Want to enjoy food and wine in Mainz like the locals do? In this case a dinner at a Weinstube is a must. There used to be hundreds of Weinstuben in Mainz… today it’s still about 40. Rarely fancy, these wine taverns correspond to a local neighbourhood pub. Weinstube is the promise of a tasty German meal, great wine in generous pours, and local conviviality. Step in, greet right and left, and find a table… or free seats since sharing tables is common and will quickly get you into conversations with locals.
Here are 5 of our favourite places to go to:
Wine lovers should not be deterred by the subdued looks of Ladendorf’s exteriors – this wine place carries some of the most sought-after wines of Germany. Also, the owners manage to list the latest hot-shot vintners – even before their stars begin to rise. Food is simple and tasty Abendbrot-style, think of a range of ploughman’s platters.
Go for: A bottle of Klaus Peter Keller’s G-Max, Germany’s rarest and most expensive Riesling. If you can’t afford that one, there is a range of affordable Keller wines by the glass – all wunderbar!
The “Red Head” Weinstube is popular amongst all generations. Owned and run by Marcus Landenberger, the only vintner with a winery in the city center of Mainz, this friendly joint features classic cuisine of the region. The wine list is strong on wines from Rheinhessen at extremely fair prices. Landenberger’s own wines are well represented, obviously. But also wines from the regions of Mosel, Rheingau, Saar and Pfalz are available.
Go for: A bottle of Flik’s Sekt méthode traditionelle. Based in the outskirts of Mainz, Sekthaus Flik is reestablishing the sparkling wine culture that used to be so important to Mainz.
Mind your head when entering Weinhaus Bluhm. Located in the heart of Mainz’ old town, uber-cosy Weinhaus Bluhm blends German tradition with a touch of French nonchalance added by owner Murielle. Unsurprisingly there is a French touch to the food menue, too. Weinhaus Bluhm is somehow a nod to Mainz’s francophile past and present.
Go for… the Grauburgunder by the glass, specialty of nearby winery Braunewell. And add to that Pierre’s (Murielle’s dad) not-so-German but very famous fish soup.
One of the oldest Weinstuben of Mainz. If you look for history and tradition in Mainz food and wine culture, this is it. Weinhaus Wilhelmi celebrated 125 years of uninterrupted hospitality in October 2019. The building goes much further back though, to 1750 when its construction just outside of the fortified city walls required a special permission by the military administration. The historic wood clad dining room is adorned with pictures of famous guests and the atmosphere totally compensates for a slightly uninspired wine list.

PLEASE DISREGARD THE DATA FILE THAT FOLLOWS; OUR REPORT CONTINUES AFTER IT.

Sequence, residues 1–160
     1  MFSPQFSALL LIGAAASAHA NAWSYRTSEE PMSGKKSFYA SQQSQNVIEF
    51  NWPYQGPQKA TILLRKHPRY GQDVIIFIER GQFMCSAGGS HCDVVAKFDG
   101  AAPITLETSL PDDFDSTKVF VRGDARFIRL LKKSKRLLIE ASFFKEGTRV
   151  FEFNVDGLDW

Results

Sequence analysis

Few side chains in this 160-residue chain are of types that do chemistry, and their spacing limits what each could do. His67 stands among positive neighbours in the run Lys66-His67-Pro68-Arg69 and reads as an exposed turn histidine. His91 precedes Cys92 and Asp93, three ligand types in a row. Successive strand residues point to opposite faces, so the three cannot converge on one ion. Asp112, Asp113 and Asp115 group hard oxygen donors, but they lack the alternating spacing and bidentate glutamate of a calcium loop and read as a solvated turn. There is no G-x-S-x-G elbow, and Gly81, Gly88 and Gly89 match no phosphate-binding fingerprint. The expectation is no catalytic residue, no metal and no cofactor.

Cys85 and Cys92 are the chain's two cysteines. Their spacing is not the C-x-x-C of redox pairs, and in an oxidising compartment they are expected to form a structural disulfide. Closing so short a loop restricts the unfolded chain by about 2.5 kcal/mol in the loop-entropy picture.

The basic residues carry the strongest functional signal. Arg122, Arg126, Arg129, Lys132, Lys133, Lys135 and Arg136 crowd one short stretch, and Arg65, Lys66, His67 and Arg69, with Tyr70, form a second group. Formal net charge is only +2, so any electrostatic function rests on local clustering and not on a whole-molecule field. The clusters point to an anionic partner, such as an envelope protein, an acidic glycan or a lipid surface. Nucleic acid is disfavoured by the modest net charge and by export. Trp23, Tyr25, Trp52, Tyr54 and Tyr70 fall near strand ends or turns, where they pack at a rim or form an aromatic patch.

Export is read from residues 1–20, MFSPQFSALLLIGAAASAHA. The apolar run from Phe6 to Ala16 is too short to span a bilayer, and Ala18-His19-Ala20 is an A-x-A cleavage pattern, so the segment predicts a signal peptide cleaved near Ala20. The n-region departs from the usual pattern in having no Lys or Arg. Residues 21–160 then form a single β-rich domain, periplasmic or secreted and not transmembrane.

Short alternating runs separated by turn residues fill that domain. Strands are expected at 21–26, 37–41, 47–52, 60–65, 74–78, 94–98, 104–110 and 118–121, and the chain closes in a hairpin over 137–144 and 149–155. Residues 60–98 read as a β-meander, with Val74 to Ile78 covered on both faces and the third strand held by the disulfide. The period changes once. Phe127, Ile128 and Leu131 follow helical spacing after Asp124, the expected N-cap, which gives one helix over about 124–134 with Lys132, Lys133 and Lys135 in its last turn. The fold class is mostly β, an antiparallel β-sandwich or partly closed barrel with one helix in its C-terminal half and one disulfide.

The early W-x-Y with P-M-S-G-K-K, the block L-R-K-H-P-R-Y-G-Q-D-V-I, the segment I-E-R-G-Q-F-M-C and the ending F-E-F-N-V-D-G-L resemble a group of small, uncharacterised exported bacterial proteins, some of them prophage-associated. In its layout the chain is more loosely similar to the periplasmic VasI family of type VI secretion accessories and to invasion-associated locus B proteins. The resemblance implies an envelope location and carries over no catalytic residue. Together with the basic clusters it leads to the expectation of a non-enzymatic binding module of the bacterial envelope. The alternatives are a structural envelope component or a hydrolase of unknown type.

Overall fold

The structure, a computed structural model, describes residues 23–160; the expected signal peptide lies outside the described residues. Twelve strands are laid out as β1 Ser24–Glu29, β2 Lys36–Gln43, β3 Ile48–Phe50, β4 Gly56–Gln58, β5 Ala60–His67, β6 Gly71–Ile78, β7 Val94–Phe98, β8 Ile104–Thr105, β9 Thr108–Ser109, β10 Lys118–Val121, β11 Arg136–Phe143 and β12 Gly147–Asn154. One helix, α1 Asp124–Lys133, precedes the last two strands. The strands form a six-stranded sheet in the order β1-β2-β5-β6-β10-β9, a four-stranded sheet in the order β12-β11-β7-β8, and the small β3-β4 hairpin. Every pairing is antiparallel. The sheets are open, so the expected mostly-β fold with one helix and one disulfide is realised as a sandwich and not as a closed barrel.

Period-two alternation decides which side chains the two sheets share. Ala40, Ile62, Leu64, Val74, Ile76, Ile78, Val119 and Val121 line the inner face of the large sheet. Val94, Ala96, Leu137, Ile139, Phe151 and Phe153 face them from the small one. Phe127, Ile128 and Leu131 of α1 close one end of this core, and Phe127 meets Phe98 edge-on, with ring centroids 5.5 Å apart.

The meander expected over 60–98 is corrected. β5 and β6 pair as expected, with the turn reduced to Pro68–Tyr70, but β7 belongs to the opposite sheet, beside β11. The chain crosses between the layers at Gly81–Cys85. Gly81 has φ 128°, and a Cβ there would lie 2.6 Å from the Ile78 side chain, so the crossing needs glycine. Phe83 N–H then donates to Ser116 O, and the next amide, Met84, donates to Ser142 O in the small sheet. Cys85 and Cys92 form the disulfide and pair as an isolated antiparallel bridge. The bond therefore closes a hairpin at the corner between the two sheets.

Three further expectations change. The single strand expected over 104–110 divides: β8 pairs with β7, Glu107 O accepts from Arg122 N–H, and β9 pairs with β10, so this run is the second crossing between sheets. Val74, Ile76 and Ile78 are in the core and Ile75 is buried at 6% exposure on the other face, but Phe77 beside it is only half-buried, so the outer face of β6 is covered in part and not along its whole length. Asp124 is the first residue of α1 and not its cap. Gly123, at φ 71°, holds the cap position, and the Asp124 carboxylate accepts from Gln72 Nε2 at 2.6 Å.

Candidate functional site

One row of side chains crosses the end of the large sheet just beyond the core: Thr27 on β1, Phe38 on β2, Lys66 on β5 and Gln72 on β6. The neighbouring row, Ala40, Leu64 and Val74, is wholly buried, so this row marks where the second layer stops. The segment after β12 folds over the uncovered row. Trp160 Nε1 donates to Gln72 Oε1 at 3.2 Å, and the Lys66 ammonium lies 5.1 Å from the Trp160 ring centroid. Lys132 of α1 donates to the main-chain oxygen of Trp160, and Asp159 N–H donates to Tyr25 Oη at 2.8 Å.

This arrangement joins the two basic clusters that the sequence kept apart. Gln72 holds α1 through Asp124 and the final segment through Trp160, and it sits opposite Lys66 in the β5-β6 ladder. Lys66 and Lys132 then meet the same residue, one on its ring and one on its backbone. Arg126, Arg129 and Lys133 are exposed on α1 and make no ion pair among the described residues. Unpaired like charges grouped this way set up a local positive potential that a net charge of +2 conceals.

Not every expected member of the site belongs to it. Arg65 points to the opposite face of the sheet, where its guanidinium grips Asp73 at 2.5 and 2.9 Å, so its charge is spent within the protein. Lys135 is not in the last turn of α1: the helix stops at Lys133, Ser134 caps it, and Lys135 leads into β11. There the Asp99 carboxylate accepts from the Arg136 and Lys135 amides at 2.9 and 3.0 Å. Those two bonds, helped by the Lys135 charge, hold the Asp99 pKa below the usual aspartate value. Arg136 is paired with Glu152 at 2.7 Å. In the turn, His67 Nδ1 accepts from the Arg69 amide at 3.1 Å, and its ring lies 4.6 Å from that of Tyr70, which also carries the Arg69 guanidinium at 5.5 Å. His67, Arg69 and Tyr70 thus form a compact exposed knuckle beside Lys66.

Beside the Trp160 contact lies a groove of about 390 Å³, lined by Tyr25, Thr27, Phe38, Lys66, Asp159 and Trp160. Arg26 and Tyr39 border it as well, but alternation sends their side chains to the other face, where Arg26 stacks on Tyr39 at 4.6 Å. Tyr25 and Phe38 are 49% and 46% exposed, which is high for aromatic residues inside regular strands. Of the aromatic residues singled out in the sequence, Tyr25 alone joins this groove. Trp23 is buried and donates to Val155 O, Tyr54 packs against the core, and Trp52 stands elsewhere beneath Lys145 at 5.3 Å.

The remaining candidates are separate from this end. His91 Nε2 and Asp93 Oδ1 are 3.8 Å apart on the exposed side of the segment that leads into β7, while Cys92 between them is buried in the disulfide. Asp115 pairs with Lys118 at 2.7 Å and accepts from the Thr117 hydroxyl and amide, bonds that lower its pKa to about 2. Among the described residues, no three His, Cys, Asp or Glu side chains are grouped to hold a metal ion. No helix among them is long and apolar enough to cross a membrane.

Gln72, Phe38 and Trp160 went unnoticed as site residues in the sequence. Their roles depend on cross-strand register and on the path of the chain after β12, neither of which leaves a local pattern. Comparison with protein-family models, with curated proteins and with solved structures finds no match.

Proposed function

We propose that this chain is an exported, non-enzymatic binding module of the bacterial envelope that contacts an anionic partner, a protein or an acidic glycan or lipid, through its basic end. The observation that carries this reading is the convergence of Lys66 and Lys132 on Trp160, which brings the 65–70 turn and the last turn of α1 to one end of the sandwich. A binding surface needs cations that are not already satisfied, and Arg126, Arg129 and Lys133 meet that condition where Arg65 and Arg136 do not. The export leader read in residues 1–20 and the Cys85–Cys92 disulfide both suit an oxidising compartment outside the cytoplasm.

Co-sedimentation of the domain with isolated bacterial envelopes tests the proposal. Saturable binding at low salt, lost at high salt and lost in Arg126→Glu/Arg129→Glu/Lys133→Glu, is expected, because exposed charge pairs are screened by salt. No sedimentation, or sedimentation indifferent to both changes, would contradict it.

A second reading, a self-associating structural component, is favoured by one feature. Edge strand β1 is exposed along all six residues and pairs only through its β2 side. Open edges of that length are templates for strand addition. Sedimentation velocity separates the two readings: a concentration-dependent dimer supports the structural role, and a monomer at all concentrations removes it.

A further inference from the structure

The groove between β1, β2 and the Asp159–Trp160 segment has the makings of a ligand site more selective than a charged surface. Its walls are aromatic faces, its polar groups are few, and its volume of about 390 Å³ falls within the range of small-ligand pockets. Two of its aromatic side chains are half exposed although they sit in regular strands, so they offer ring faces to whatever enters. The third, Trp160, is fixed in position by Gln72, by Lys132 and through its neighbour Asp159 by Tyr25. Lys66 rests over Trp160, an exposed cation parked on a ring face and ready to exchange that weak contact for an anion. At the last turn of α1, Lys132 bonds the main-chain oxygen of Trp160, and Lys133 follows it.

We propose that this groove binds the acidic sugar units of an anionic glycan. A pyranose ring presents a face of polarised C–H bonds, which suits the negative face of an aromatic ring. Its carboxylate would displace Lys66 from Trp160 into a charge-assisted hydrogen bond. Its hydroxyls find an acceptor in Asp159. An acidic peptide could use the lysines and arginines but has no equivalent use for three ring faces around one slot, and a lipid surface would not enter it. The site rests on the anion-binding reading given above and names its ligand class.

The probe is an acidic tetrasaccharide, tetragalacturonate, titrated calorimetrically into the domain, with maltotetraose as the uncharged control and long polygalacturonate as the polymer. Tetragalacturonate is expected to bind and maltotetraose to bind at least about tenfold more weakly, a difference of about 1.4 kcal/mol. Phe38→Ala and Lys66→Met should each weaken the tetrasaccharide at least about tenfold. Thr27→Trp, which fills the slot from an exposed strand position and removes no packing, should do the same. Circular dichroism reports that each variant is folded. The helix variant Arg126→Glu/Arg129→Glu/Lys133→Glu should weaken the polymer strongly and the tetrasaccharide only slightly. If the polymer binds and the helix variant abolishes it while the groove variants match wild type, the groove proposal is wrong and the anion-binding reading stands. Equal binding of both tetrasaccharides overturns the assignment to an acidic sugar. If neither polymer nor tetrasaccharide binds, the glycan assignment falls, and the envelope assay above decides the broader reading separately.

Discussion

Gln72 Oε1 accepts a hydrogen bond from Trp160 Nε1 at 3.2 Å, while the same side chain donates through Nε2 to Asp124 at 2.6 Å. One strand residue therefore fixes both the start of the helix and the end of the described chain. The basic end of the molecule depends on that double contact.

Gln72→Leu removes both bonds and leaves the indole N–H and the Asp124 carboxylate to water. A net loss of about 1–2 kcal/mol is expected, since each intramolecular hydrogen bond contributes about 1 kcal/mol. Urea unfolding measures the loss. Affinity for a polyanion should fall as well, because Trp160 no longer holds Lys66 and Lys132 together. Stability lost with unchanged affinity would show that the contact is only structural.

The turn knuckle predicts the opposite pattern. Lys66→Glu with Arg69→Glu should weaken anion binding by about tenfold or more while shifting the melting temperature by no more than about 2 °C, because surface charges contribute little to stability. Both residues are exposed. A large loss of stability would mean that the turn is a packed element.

Go for… the off-dry Rheingau Riesling Hasensprung 2018 and pair it with Pfälzer Saumagen, a sausage specialty of the Pfalz wine region.
This wine bar got founded only 5 years ago and skyrocketed to almost instant stardom amongst German wine insiders. With no tradition to mind, a small but excellent seasonal food menue, and a wine list with plenty of excellent wines by the glass the team at Laurenz hit a homerun. Book well ahead if you want to enjoy an evening in this modern yet cosy winebar.
Go for… Foodwise: anything that tickles your fancy, you won’t be disappointed. Winewise: ask for the cellarbook and pick one of the mature Grand Cru Rieslings or Pinot Noirs.
A couple of Weinstuben Do’s and Don’ts – applicable to (almost) any Weinstube in Germany
- Book in advance. English is normally no problem, but you’ll earn a lot of points for asking first whether speaking English is ok.
- If you did not book a table in advance, arrive between 5 and 6 pm, as most popular places tend to fill up quickly.
- Do expect to share tables, so better not pick a Weinstube for a cosy date
- Acknowledge people on the way in and out: a quick ‘Guten Tag’, or a short nod is considered common curtesy
- NEVER EVER ask for a sommelier. Weinstuben may have very knowledgeable staff – but it’s no-somm territory by default.
- Brag in modesty – while some weinstuben are stocked with top wines, bragging with wine knowledge or trophy bottles is frowned upon.
- Paying: Cash is king, followed by bank cards, then credit cards… forget Amex
Last Tip: You can buy any bottle to take away. And you will normally pay no more than the price you’d pay right at the cellardoor.